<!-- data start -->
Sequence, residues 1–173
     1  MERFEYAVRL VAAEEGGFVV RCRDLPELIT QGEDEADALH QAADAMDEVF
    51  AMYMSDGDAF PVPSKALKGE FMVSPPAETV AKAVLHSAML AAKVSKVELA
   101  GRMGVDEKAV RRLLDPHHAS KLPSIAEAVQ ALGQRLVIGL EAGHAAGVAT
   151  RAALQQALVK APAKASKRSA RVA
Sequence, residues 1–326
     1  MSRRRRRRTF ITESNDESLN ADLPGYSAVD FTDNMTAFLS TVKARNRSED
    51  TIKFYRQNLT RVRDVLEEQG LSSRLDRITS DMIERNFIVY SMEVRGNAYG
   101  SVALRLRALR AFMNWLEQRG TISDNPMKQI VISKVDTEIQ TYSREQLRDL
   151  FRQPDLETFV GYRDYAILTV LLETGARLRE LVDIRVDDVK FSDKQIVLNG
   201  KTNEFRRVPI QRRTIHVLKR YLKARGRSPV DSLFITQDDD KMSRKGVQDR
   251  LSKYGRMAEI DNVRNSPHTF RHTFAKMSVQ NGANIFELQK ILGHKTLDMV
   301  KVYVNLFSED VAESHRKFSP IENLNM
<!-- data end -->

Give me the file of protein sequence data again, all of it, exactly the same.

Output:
Sequence, residues 1–173
     1  MERFEYAVRL VAAEEGGFVV RCRDLPELIT QGEDEADALH QAADAMDEVF
    51  AMYMSDGDAF PVPSKALKGE FMVSPPAETV AKAVLHSAML AAKVSKVELA
   101  GRMGVDEKAV RRLLDPHHAS KLPSIAEAVQ ALGQRLVIGL EAGHAAGVAT
   151  RAALQQALVK APAKASKRSA RVA
Sequence, residues 1–326
     1  MSRRRRRRTF ITESNDESLN ADLPGYSAVD FTDNMTAFLS TVKARNRSED
    51  TIKFYRQNLT RVRDVLEEQG LSSRLDRITS DMIERNFIVY SMEVRGNAYG
   101  SVALRLRALR AFMNWLEQRG TISDNPMKQI VISKVDTEIQ TYSREQLRDL
   151  FRQPDLETFV GYRDYAILTV LLETGARLRE LVDIRVDDVK FSDKQIVLNG
   201  KTNEFRRVPI QRRTIHVLKR YLKARGRSPV DSLFITQDDD KMSRKGVQDR
   251  LSKYGRMAEI DNVRNSPHTF RHTFAKMSVQ NGANIFELQK ILGHKTLDMV
   301  KVYVNLFSED VAESHRKFSP IENLNM